Tenderness, juiciness, and flavor are beef quality attributes that influence consumer satisfaction eating beef. Rapid evaporative ionization mass spectrometry (REIMS) is a novel technique that provides chemical information of biological tissues with the potential to predict beef quality attributes. Two studies were conducted to evaluate the ability of REIMS to predict quality attributes of beef (study I) and to evaluate the repeatability and reproducibility of REIMS in a beef matrix (study II). In study I, USDA Select or upper two-thirds Choice (n = 42, N=84) striploins and tenderloins were collected approximately 36h post-mortem from a commercial beef abattoir. Slivers of the longissimus dorsi muscle between the 12-13th rib were collected during grading (GR, 36h post-mortem) and analyzed using REIMS. Striploins (LM) and tenderloins (PM) were cut into portions and assigned to 6 aging periods (3, 14, 28, 42, 56, and 70 days). However, only samples aged 3, 14, and 28 days were used to represent industry practices in study I. After aging, portions were cut into 2.54-cm steaks to analyze juiciness, tenderness, and 10 flavor attributes with a trained sensory panel. In addition, tenderness measures were performed using slice shear force (SSF) and Warner-Bratzler shear force (WBF). Samples were categorized by SSF, WBF, and sensory panel tenderness (PT) into "tough" and "tender"; by juiciness into "dry" and "juicy"; and by flavor into "acceptable" and "unacceptable" classes using a composite score of all flavor descriptors. Combinations of three dimensionality reduction methods (principal component analysis [PCA], feature selection, [FS], and a combination of both [PCA-FS]) with 13 machine learning algorithms were used to create classification models based on REIMS data for tenderness, juiciness, and flavor classes at the three aging periods. The predictive ability of the models was assessed with the overall accuracy resulting from 10-fold cross-validation. Among all machine learning algorithms evaluated, the maximum classification accuracies for days 3, 14, and 28 were 94, 87, and 83% for PT; 86, 85, 92% for SSF; 87, 82, and 95 for WBF; 85, 84, and 86% for juiciness; and 87, 89, and 81% for flavor classes, respectively. FS performed the best as a dimensionality reduction method for all PT, juiciness, flavor, and SSF on day 3 and WBF on days 3 and 14. PCA-FS was the best dimensionality reduction method for SSF on days 14 and 28, and WBF on day 28. Extreme gradient boosting machine learning algorithm was the highest performing algorithm for all juiciness models, flavor model on day 28, PT on days 3 and 14, SSF on days 14 and 28, and WBF on days 3. Partial least squared discriminant analysis (PLSDA) performed better for PT day 28 and flavor day 14, while elastic-net regularized generalized linear model, random forest, and support vector machine were the highest performing algorithms for SSF day 3, and WBF days 14 and 28, respectively. Results demonstrated that the chemical fingerprints obtained with REIMS could potentially be used as in situ and real-time technique to sort carcasses by flavor, juiciness, and tenderness. However, overlaps between classes affected REIMS results, and unbalanced data negatively affected model accuracies. Therefore, exploring the full potential of REIMS will require increasing the sample size and developing a sampling method that allows increased separation between sensory evaluations. Study II was performed with REIMS data from all LM and PM samples from the six aging periods (n=1008), two sets of GR samples (n=168, N=84), and quality control (QC) samples (n=29) made from homogenized ground beef. Except for the second set of GR samples, REIMS analysis of all samples was performed at Colorado State University (CSU) using a meat probe as the sampling device. Analysis of all samples was performed over 5 days, including two batches per day. GR samples were evaluated on the first day, and LM and PM data were randomly analyzed on the remaining days. QC samples were analyzed at the beginning, middle, and end of each batch. The second set of GR samples was analyzed at Texas Tech University (TTU) using different mass spectrometry (MS) instruments, technicians, and an iKnife as the sampling device. The stability of REIMS data between burns, batches, and days was evaluated with QC data. Day effect and robustness of REIMS data were evaluated with data from LM and PM samples, and interlab reproducibility was evaluated with data from GR samples. Multiple classification models of muscle type and aging were built with LM and PM data to evaluate the robustness of REIMS and day-to-day variability. Models to predict sensory attributes of beef were used to assess the robustness of REIMS with respect to interlab variability. Coefficients of variation (CV) between burns of the mass bins representing 90% of the total ion current were between 0.7 to 0.98, while the most relevant mass bins showed CV less than 0.3. Variances between batches and collection days were not significant (P < 0.05). PCA of LM and PM showed that data variability by collection day was stronger than muscle type and aging time variability. However, data could classify samples into muscle types and two distant aging times with accuracies higher than 95.6% and 91.0%, respectively. PCA of GR samples showed that data collected in both labs differed, and the predictive models developed with the CSU data did not appropriately predict the quality classes with the TTU data. REIMS collected with the meat probe provides a chemometric profile of beef samples with good repeatability and interday reproducibility but low interlab reproducibility. Consequently, optimization and standardization of sampling methods will be required to improve the interlab reproducibility of REIMS.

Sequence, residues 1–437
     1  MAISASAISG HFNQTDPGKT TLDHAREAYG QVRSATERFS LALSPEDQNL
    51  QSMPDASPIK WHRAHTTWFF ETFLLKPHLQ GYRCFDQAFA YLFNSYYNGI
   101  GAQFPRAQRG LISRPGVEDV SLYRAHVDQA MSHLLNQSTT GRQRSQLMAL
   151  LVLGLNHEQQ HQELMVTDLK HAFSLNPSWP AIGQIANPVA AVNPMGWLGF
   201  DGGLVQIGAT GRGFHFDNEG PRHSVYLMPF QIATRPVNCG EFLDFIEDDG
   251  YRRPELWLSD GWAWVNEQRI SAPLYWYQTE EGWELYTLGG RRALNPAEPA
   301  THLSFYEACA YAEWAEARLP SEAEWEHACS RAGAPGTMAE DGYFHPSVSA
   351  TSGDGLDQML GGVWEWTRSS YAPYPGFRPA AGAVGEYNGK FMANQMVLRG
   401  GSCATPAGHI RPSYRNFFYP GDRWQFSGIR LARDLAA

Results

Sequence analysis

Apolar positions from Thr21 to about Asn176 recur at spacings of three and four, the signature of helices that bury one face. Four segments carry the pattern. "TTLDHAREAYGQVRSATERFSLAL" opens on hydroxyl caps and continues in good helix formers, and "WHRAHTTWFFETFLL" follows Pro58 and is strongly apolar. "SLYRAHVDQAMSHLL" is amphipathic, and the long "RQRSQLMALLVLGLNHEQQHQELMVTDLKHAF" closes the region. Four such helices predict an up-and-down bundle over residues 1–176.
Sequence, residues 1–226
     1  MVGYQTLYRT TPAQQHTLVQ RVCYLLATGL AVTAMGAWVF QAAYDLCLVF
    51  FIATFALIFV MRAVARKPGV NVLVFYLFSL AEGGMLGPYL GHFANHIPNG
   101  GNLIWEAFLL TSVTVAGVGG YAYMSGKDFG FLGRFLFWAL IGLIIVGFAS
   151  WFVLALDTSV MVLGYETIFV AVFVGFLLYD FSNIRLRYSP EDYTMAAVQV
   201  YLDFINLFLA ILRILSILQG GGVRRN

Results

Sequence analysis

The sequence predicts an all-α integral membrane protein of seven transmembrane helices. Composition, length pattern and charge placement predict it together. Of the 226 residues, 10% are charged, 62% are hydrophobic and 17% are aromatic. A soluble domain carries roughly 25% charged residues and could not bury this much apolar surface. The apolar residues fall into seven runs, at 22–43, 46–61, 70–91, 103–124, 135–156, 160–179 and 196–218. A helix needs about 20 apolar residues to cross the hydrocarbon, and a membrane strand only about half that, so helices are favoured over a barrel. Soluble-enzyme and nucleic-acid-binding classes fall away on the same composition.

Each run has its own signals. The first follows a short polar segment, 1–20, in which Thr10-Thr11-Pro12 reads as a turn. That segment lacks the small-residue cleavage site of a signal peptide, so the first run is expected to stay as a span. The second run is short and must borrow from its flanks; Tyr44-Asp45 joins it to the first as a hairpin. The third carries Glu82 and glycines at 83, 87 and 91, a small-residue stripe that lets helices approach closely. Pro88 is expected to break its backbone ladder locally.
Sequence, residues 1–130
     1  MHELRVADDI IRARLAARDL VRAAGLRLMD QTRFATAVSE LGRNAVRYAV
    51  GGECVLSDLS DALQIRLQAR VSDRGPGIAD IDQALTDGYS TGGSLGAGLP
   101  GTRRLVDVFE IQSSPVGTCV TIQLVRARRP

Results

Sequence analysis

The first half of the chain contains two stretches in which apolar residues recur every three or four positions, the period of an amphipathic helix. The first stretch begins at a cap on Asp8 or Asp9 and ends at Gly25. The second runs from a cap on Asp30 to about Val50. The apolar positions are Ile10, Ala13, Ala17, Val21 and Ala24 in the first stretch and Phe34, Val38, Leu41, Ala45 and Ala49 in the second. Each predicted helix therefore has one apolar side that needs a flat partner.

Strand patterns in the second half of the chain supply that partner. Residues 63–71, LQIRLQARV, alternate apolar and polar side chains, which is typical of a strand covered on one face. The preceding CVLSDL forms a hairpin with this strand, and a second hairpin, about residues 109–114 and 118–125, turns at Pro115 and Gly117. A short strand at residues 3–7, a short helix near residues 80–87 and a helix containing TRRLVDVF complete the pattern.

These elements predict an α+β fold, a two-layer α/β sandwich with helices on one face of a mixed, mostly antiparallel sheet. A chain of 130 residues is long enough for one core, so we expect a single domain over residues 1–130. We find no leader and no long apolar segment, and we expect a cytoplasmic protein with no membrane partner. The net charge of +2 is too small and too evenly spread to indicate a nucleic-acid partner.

Description

Includes bibliographical references.
2022 Fall.

Rights Access

Subject

meat flavor
meat tenderness
machine learning
rapid evaporative ionization mass spectrometry
meat juiciness